Simple designs are easier to understand, cheaper to make, less likely to fail, and easier to fix than complicated designs. Yet, in my industry--making bags--complexity rules. This is because, for more than two decades, manufacturing at most companies has been outsourced to low-cost locations such as China, which has reduced the cost of adding numerous pockets, zippers, buckles, doodads, and whatnots. Companies are engaged in a veritable arms race to see who can add the most stuff to a single bag design.

When I started my company, Rickshaw Bagworks, seven years ago, I had neither the resources nor the interest in competing on those terms. As an entrant to this crowded market, I needed another way to position my product. My goal was to offer infinitely customizable bags for individuals and corporate clients, build them to order in my own domestic factory, and provide fast delivery and low-minimum-order quantities.

My challenge was figuring out how to do it and make a profit.

The answer was simple, literally. Rather than rolling with the "more is better" ethos, I decided that for Rickshaw, less was better. For us, designing the simplest bag possible was the key to offering our customers choice.

But simplicity wasn't just a design decision. It was an operational imperative. If I was going to manufacture my own bags in one of the most expensive labor markets in the world, I needed to make my bags quickly.

To guide my team during our early days, our design mantra became "Keep it super simple." We applied this principle to our best-selling Zero messenger bag by abandoning features and stripping the design to the bare essentials--no buckles, no zippers, just two pockets. Our other designs have only minimal additions. Remarkably, and importantly, our customers love our simple designs.

Over the years, I've expanded our KISS discipline to every aspect of our business, including products, processes, and policies. We design with pencil and paper: simple tools for simple designs. We predominantly sell direct and build to order, avoiding finished-goods inventory, forecasting, and waste. We source most of our materials and components domestically, to keep our supply chain short and facilitate just-in-time material delivery and fast turnaround. We avoid rules and legalese. Our short, plain-language guarantee states "No reasonable request denied." Our customer service policy is "We're not happy if you're not happy." We have no order minimums. We let customers buy only what they need, when they need it. Most important, we're completely transparent, because there's no simpler way to be.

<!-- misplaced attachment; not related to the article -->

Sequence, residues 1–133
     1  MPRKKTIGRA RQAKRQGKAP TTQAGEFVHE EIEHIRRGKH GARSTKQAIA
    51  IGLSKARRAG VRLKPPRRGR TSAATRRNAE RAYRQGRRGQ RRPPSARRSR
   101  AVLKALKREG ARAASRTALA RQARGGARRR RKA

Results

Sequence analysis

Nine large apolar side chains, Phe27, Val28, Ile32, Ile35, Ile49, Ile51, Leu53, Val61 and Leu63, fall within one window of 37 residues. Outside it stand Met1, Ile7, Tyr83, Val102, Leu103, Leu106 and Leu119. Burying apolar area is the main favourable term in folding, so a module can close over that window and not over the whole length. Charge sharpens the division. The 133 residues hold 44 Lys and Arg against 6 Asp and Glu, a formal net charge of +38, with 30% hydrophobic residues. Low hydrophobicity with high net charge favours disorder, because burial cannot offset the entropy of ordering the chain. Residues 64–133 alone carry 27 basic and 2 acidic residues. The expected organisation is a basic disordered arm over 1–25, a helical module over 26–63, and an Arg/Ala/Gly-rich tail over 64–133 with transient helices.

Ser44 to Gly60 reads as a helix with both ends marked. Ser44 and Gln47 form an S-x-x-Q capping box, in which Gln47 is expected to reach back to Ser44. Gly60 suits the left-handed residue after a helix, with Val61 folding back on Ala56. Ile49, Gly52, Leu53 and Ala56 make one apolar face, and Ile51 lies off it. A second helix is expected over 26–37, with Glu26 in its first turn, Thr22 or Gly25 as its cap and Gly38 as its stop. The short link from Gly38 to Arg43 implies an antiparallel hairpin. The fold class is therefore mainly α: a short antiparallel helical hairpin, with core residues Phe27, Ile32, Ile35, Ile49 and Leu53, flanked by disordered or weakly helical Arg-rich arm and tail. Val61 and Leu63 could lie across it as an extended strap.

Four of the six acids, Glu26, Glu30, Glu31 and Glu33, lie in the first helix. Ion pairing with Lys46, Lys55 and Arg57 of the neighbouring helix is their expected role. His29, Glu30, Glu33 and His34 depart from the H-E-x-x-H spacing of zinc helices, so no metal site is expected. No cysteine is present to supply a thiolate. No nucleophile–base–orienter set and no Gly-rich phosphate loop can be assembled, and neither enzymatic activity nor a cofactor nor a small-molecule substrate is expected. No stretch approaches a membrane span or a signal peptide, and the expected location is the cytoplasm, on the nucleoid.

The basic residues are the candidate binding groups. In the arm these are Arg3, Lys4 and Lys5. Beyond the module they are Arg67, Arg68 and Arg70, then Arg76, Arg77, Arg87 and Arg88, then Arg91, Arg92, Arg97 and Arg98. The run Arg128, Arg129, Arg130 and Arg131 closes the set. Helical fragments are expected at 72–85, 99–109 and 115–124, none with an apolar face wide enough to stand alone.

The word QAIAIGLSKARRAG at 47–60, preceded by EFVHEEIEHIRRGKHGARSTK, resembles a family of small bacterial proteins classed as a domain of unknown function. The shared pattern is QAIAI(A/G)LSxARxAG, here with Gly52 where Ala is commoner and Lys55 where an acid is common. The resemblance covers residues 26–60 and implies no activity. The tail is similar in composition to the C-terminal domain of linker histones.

I've found that maintaining simplicity is deceptively difficult. I'm not a psychologist, but it seems humans have a natural tendency to drift toward complexity. Organizations, especially big ones, behave the same way. Over time, they create layers of complexity, and this creates opportunities for smaller, simpler, nimbler competitors. At Rickshaw, it's OK to brainstorm wildly complex ideas. But at the end of the day, we say, "How can we simplify this and make it work under our set of constraints?"

We have found one of the best ways to identify complexity is to ask our customers. When they told us we were offering too many color choices in our bag customizer, we reduced the options. This improved the customer experience, streamlined order fulfillment, and simplified our user interface. At Rickshaw, our passion for simplicity is not just a source of design innovation and brand differentiation. It is our means of survival. It's that simple.